John Barrasso

Impeachment news roundup: Dec. 11
Judiciary Committee to take up articles tonight, vote expected Thursday

Speaker Nancy Pelosi makes her way to a news conference in the Capitol on Tuesday to announce articles of impeachment against President Donald Trump with committee chairs who helped draft them. (Tom Williams/CQ Roll Call)

The House Judiciary Committee began marking up articles of impeachment against President Donald Trump on Wednesday evening and is expected to vote on them Thursday.

In his opening statement, Judiciary Chairman Jerrold Nadler addressed why impeaching Trump was warranted when a presidential election is less than a year away. 

Federal agency ordered to investigate Homeland Security nominee
What happens next may rest with McConnell

What happens to the nomination of William N. Bryan to a senior Department of Homeland Security post may now rest with Senate Majority Leader Mitch McConnell, R-Ky. McConnell is shown here with Sens. John Barrasso, R-Wyo., Todd Young, R-Ind., and John Thune, R-S.D. (Tom Williams/CQ Roll Call)

The Department of Energy has been told to investigate allegations of corruption by William N. Bryan, the White House’s nominee for a senior post at the Department of Homeland Security, CQ Roll Call has learned.

Bryan joins a long line of Trump administration nominees who’ve faced controversy. Just this week, the White House withdrew the nomination of Jeffrey Byard to head the Federal Emergency Management Agency.

Why partisan spending allocations spell trouble for the appropriations process
CQ Budget, Episode 127

From left, Sen. John Barrasso, R-Wyo., Senate Majority Leader Mitch McConnell, R-Ky., Sens. Todd Young, R-Ind., and John Thune, R-S.D., conduct a news conference after the Senate Policy Luncheons in the Capitol on Tuesday. (Tom Williams/CQ Roll Call)

After months of delay, Senate appropriators finally got to work on their spending bills for the new fiscal year, which begins in just two weeks. But it was a slower start than lawmakers had hoped for, and unlike last year’s effort, it was deeply partisan. The Appropriations Committee approved its overall spending limits for each of its 12 bills, but it wasn’t pretty. Where do they go from here? Listen here.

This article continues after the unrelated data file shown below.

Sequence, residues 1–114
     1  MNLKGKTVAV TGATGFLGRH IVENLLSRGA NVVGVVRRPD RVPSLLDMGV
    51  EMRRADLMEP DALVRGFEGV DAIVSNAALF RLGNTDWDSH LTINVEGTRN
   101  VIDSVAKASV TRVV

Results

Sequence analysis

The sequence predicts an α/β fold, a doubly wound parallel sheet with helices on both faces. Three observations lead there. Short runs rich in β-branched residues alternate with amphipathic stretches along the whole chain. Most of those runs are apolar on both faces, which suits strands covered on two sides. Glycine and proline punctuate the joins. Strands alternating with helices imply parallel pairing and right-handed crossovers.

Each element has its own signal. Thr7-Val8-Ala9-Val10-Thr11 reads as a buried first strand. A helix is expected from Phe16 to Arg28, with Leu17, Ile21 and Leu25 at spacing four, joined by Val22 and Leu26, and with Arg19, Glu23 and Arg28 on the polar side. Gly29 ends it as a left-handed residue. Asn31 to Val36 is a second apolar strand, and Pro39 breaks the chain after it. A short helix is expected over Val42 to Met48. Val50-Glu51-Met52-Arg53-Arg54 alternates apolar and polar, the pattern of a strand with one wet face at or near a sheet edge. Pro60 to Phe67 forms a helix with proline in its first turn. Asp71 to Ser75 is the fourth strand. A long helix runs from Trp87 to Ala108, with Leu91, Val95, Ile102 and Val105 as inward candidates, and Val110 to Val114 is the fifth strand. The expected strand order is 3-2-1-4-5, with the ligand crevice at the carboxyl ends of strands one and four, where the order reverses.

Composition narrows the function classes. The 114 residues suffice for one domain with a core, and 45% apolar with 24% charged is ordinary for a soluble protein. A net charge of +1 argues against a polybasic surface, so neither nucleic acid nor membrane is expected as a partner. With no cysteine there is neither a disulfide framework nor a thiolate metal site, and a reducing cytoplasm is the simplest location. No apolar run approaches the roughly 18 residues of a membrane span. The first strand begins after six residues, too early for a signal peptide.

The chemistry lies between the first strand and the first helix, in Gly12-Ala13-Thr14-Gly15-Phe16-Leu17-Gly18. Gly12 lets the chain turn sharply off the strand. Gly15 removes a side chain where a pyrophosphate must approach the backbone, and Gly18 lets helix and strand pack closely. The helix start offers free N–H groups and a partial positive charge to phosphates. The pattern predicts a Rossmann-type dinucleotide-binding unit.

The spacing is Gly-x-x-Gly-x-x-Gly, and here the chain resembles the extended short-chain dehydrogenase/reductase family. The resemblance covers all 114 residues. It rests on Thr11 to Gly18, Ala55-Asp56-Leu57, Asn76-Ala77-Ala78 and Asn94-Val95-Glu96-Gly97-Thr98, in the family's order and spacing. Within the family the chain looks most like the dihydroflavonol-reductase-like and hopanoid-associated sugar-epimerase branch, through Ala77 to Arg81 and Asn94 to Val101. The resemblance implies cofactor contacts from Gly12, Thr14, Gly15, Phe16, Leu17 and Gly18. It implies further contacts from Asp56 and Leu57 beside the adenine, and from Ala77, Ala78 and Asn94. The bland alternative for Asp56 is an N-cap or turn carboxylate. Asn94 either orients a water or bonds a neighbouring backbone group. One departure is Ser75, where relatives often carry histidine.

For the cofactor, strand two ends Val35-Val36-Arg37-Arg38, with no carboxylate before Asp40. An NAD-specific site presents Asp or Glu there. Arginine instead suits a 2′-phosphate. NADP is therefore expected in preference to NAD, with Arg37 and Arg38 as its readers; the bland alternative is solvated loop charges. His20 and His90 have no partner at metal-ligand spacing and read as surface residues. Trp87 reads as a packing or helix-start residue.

Still confused about Trump’s demands of Congress? Maybe it’s you
President ‘always lays it right out there,’ but Hill slow to ‘adjust,’ Eric Ueland says

President Donald Trump — here in January 2018 with Sens. John Barrasso of Wyoming and John Thune of South Dakota and Vice President Mike Pence — has clear legislative goals despite confusion at times on the Hill as to what they are, legislative affairs director Eric Ueland says. (Bill Clark/CQ Roll Call file photo)

ANALYSIS — If you’re a Republican lawmaker or congressional aide who struggles to understand what Donald Trump wants in legislation, take a long look in the mirror.

Because it’s you. Not him.

Senate biofuel advocates want a piece of transportation bill
The bill would set aside $1 billion to build charging and fueling stations for electric-, hydrogen- and natural gas-powered vehicles

Sens. Joni Ernst, R-Iowa, and Mike Rounds, R-S.D., say incentives in the bill would only benefit wealthy people in coastal states while leaving out rural America. (Bill Clark/CQ Roll Call file photo)

A provision in the Senate’s surface transportation bill that would help pay for charging and refilling stations for zero- or low-emissions vehicles should also support more stations for biofuels like ethanol, say two Midwestern senators.

The bill would authorize spending on highways and bridge projects for five years. Republican Sens. Joni Ernst of Iowa and Mike Rounds of South Dakota say incentives in the bill would only benefit wealthy people in coastal states who can afford electric-, hydrogen- and natural gas-powered vehicles, while leaving out rural America.

Highway bill upping spending by a quarter gets OK from Senate committee
The current five-year law funding surface transportation programs expires Sept. 30, 2020.

Senate Environment and Public Works Chairman John Barrasso, R-Wyo., said. “The bill will speed up project delivery will cut Washington red tape, so projects can get done faster, better, cheaper and smarter.” (File photo by Bill Clark/CQ Roll Call)